A week or so later, after a set of other circumstances, the police searched the house-help’s family home and found the glasses. Since they were unusual, the police asked where they came from. The young lady said the missionary lady had told her to “chukua” (take) them so she did – took them all the way home!
After the police visited the missionary lady and learned the real story, the “house-help” young woman was questioned and finally confessed. “Yes, I took them. I knew it was stealing”. The missionary forgave her since she readily confessed, but … Outcome – that young woman lost her job and reputation but also experienced forgiveness without which she would have landed in prison for a time.

July 17, 2017 11:39 am
Published in: Ministry Life

He was the son of one of the African Church’s local evangelists. He attended the church primary school, regularly attended church, went through the catechism classes and was baptized. After all, he was the evangelist’s son and it was expected of him.

When it came time for him to attend Middle School, he chose a boarding school quite a distance from home. That way, he figured, he could get away from his father and the religious pressures exerted on him. Though still young, he threw away any semblance of being a Christian. His next school, Secondary School, was even farther away. Now he could really live the way he wanted.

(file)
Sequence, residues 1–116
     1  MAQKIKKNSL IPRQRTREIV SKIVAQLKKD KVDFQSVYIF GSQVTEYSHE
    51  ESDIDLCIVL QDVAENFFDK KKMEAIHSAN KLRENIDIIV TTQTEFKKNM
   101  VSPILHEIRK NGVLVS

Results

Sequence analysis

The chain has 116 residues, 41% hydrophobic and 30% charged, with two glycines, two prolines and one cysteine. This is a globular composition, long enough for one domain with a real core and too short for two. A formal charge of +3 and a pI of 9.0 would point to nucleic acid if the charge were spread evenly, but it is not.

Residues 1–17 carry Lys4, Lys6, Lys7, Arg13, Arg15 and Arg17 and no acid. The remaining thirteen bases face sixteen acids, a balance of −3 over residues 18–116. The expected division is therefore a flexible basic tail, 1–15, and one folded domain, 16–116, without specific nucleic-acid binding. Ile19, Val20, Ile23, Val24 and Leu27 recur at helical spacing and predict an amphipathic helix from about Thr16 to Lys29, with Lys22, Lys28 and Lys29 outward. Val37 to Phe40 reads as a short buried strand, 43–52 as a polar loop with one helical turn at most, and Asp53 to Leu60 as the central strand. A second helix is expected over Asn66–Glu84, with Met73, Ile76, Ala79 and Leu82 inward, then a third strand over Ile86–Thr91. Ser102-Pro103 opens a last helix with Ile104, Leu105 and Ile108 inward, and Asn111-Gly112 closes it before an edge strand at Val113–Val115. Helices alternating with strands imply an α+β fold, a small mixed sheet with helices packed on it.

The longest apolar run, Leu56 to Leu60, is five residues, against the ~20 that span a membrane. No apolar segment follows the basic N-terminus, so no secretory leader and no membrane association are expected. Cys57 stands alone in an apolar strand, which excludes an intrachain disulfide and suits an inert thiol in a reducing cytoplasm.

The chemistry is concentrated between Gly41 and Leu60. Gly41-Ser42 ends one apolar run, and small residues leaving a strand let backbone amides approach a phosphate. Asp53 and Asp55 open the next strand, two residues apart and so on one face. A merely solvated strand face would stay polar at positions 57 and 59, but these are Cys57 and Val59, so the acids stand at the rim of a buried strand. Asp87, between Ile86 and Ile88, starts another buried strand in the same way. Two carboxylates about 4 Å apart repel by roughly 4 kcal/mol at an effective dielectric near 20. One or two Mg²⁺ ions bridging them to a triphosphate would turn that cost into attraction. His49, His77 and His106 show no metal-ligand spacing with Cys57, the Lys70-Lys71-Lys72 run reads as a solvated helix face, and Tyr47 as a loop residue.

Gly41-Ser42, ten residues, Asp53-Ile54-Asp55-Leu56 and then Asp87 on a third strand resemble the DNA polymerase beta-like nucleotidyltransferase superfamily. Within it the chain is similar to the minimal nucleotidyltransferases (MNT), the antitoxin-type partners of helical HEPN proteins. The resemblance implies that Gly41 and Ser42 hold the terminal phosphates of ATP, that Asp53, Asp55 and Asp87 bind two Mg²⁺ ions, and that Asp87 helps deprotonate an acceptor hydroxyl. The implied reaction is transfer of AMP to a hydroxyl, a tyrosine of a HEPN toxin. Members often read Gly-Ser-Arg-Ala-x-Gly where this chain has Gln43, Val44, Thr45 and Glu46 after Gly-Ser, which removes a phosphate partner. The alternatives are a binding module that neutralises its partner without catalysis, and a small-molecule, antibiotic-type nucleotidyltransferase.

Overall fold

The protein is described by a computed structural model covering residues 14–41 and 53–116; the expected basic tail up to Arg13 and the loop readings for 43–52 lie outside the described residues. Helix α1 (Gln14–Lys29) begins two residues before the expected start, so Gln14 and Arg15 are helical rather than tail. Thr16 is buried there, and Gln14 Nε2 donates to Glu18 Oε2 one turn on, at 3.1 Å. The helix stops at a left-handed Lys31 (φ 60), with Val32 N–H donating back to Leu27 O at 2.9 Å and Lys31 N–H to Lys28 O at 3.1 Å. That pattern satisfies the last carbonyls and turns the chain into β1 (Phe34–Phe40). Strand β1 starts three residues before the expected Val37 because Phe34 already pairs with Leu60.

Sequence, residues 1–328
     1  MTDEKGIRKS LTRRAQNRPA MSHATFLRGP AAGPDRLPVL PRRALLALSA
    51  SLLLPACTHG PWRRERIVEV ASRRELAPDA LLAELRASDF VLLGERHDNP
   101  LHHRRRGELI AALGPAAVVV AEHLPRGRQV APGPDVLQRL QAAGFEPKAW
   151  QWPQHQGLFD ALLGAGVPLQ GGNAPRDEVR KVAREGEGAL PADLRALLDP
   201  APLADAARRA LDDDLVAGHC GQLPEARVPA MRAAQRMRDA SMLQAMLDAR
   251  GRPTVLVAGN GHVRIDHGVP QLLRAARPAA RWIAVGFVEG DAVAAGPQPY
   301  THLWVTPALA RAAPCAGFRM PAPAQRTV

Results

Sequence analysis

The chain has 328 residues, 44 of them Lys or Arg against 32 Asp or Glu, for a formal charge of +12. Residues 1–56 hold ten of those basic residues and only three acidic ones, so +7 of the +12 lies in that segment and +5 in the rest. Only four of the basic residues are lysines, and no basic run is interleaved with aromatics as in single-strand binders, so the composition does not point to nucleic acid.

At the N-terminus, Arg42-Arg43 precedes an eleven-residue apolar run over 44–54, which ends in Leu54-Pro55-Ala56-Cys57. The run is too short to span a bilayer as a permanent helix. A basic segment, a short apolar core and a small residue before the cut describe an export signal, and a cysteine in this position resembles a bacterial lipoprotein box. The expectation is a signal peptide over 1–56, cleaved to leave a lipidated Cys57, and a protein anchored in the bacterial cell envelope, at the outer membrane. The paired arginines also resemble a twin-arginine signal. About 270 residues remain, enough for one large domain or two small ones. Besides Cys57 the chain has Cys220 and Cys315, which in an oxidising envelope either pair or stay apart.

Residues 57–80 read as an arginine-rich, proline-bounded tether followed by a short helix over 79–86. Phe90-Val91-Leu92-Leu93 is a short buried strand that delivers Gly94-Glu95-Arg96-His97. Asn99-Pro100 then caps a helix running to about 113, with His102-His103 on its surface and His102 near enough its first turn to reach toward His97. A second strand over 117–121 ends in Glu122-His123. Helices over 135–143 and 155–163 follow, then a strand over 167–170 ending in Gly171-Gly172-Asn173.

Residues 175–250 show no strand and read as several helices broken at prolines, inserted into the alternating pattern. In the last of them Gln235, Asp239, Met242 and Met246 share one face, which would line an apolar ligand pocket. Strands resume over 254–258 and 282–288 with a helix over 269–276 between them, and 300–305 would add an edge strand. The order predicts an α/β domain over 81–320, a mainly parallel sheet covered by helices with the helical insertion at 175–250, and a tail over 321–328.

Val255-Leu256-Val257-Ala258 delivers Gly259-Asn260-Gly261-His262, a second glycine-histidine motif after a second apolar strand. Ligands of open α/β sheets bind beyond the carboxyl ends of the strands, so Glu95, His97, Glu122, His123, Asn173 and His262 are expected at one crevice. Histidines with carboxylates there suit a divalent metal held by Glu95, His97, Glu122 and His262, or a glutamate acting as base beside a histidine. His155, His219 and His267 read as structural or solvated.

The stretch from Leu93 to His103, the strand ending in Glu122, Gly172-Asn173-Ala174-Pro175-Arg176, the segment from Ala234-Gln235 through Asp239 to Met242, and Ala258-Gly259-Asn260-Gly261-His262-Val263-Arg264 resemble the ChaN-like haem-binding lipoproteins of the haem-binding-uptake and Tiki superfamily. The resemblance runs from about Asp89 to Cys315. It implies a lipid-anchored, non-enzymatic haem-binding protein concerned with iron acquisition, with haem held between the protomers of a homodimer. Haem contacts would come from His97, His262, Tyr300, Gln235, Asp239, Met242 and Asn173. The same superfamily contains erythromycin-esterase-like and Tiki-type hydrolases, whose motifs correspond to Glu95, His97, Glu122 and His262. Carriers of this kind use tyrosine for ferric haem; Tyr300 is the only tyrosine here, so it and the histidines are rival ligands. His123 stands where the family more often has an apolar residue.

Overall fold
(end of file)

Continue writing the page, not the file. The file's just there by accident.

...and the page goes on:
And he did. While he excelled in his studies, any evidence of a relationship to the Lord was missing and he lived a very wanton life. Because he was in the higher percentage of students when it came to studies, he was selected to go on to University.

While still at the University, walking across the campus one day after classes, he heard the sound of singing coming from one of the classrooms. And, the songs? They sounded just like the ones he had learned back when he was still living in his evangelist father’s home.

Surely there were no Christians on a University campus. This was “modern day” Tanzania. African Socialism, which stressed a break from religion and community disciplines, held sway. University was the place where protests were held and where new ideas and actions were formed. Surely “today’s” Tanzania would have no place for any idea of God – or god – or any religion.

He was drawn in by the singing and went to see what it was all about. He saw a room full of students, with some of them standing up front leading in the singing. Looking around, he could see no “old white-haired” preacher, African or foreigner, present. How could this be? Someone had to be forcing them to meet and sing.